Before the crisis in the housing and financial markets threw the presidential election for a loop, the Obama campaign had planned to spend this week making a strong push for women voters. The Senator held a private phone conference call with national female leaders to plot ways to generate support. His female allies in Congress held a press conference at the DNC to hammer John McCain on his opposition to equal pay legislation. And vice presidential candidate Joseph Biden held a virtual question and answer session with, perhaps, the most important female voice of all, Hillary Clinton.
Much of that work was done out of the public eye, as economic matters demanded Obama and the press' attention. But the Senator, nevertheless, stuck to his agenda. He was helped by the crossover between economic issues and women's issues.
Late Friday, the Obama campaign released a new ad hitting McCain for his opposition to equal pay. The spot, titled "Need Education," was narrated by Lilly Ledbetter, the Alabama woman whose Supreme Court case led to 2007 fair pay legislation.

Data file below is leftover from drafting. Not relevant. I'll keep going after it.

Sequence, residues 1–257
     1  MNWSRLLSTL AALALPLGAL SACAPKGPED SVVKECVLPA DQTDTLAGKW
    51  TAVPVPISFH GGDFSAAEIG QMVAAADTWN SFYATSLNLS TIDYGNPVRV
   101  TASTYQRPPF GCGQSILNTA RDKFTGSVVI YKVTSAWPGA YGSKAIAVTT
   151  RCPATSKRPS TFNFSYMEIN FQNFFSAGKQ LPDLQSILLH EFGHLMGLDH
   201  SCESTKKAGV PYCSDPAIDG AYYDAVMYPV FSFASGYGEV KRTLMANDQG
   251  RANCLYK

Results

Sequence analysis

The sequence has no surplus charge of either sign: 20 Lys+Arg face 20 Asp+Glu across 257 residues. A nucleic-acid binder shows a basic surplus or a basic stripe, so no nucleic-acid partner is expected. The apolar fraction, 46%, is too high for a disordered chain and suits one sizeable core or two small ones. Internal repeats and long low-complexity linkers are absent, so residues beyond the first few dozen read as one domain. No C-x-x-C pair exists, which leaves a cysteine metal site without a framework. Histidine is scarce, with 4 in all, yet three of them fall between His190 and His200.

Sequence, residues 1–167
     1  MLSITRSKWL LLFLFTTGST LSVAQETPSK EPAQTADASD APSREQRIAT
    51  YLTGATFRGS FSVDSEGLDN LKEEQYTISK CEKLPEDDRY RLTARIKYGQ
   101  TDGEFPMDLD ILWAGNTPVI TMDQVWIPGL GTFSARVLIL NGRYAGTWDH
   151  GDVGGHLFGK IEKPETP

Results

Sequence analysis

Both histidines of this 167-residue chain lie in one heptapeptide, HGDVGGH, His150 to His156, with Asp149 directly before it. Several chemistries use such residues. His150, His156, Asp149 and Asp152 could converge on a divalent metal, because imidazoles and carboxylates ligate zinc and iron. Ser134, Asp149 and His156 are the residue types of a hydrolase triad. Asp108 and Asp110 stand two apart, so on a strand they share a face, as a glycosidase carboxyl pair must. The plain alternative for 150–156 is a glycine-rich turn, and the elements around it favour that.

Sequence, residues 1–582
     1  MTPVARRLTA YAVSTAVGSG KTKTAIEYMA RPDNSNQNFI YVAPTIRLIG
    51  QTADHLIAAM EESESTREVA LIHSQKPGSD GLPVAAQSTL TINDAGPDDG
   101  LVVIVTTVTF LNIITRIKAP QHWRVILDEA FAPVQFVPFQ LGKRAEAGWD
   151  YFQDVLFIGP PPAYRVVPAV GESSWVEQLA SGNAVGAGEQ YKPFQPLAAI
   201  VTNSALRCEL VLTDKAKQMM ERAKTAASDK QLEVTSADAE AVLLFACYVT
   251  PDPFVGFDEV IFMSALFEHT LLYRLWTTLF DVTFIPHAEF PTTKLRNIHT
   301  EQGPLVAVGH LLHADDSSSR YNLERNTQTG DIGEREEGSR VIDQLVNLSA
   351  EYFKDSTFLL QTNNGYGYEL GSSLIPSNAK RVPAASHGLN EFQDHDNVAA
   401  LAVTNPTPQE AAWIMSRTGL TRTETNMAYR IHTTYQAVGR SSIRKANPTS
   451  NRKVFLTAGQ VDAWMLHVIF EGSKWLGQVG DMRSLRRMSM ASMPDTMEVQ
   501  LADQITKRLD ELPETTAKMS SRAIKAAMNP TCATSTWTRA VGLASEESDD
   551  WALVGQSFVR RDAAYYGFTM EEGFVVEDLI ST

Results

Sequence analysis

"I worked at this plant for 20 years before I learned the truth. I'd been paid 40% less than men doing the same work. John McCain opposed a law to give women equal pay for equal work. And he dismissed the wage gap, saying women just need education and training. I had the same skills as the men at my plant. My family needed that money. On the economy, it's John McCain who needs an education."
Like many of the arguments from the past week, the ad paints John McCain as dangerously bad for female voters. McCain's campaign already has a response. Spokeswoman Crystal Benton says:
"Barack Obama claims he's for equal pay for women, but women working in his Senate office earn an average of $9,000 less than men, while women in John McCain's Senate office earn an average of nearly $2,000 more than men. American women understand that real leadership is about what you do, not just what you say."